Ambition, Social Mobility, and Morality Theme Icon
Womanhood and Gender Roles Theme Icon
At that moment, David notices Martha is at the door of the public-house and worries that Mr. Peggotty will see her... (full context)
Womanhood and Gender Roles Theme Icon
As Mr. Peggotty and David leave, David sees Martha—who has listened to their entire conversation—sneak away before them. David walks with Mr. Peggotty to... (full context)
Chapter 46: Intelligence
Womanhood and Gender Roles Theme Icon
...herself in the city, which Mr. Peggotty sorrowfully agrees is true. David therefore suggests that Martha might be able to find little Em'ly, explaining how Emily had helped Martha in the... (full context)
Womanhood and Gender Roles Theme Icon
...are approaching Blackfriars Bridge, and Mr. Peggotty is on the lookout for any sign of Martha. Eventually, they see a woman on the opposite side of the road and begin to... (full context)
Chapter 47: Martha
Womanhood and Gender Roles Theme Icon
David and Mr. Peggotty continue to follow Martha into Westminster, where she approaches the riverside. The neighborhood is wet, impoverished, and littered with... (full context)
Womanhood and Gender Roles Theme Icon
David calls out to Martha, who at first struggles to get away. When she sees Mr. Peggotty, however, she lets... (full context)
Womanhood and Gender Roles Theme Icon
Once Martha has stopped crying, David asks her if she knows who he and Mr. Peggotty are,... (full context)
Womanhood and Gender Roles Theme Icon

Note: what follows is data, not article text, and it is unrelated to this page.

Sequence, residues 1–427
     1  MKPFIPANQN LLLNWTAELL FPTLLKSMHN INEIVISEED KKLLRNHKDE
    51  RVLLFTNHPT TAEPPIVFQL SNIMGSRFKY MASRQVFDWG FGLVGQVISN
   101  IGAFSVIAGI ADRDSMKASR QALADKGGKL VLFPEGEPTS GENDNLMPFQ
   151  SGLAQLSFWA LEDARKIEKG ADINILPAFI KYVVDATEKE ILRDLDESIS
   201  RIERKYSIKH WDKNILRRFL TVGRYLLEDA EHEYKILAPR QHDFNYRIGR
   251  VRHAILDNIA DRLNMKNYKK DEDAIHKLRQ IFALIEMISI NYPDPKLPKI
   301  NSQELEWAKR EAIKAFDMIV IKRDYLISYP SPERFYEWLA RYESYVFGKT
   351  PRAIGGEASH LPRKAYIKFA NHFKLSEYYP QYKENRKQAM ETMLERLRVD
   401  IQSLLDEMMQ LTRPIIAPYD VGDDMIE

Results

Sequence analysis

Home and Family Theme Icon
Mr. Peggotty reassures Martha that he is in no position to judge her. He says he knows that she,... (full context)
Coming of Age and Personal Development Theme Icon
Womanhood and Gender Roles Theme Icon
David and Mr. Peggotty tell Martha everything they know of little Em'ly's whereabouts, and provide her with their addresses so that... (full context)
Chapter 50: Mr. Peggotty's Dream Comes True
Home and Family Theme Icon
...Mr. Peggotty, however, is as certain of finding her as ever, despite the fact that Martha's messages to him have never led to anything. He even travels to Naples to try... (full context)
Home and Family Theme Icon
On one of these visits, Mr. Peggotty tells David that he has seen Martha recently, and that she told him not to leave London in the near future. David... (full context)
Womanhood and Gender Roles Theme Icon
Home and Family Theme Icon
As David and Martha reach Martha's room, they see a woman enter before them. David recognizes her as Rosa... (full context)
Womanhood and Gender Roles Theme Icon
Home and Family Theme Icon
As Rosa is speaking, David hears footsteps on the staircase, and Mr. Peggotty rushes into Martha's room as Rosa leaves it. David sees him catch little Em'ly as she faints, and... (full context)
Chapter 51: The Beginning of a Longer Journey
Womanhood and Gender Roles Theme Icon
Home and Family Theme Icon
...a madam who promised to find her work as a seamstress. At this point, however, Martha found Emily and took her back to her room. Although she told Emily that she... (full context)
Womanhood and Gender Roles Theme Icon
...Em'ly was found, and Omer—though pleased to hear about Emily—asks what will now happen to Martha. David is sure that Mr. Peggotty has not forgotten about her, but admits that he... (full context)
Chapter 57: The Emigrants
Womanhood and Gender Roles Theme Icon
Mr. Peggotty asks David whether he has any final words for him, and David mentions Martha. At this, Mr. Peggotty gestures to a young woman who is helping Mrs. Gummidge with... (full context)
Chapter 63: A Visitor
Womanhood and Gender Roles Theme Icon
Home and Family Theme Icon
David asks about Martha, and Mr. Peggotty says she married a farm-laborer, who is aware of her "true story."... (full context)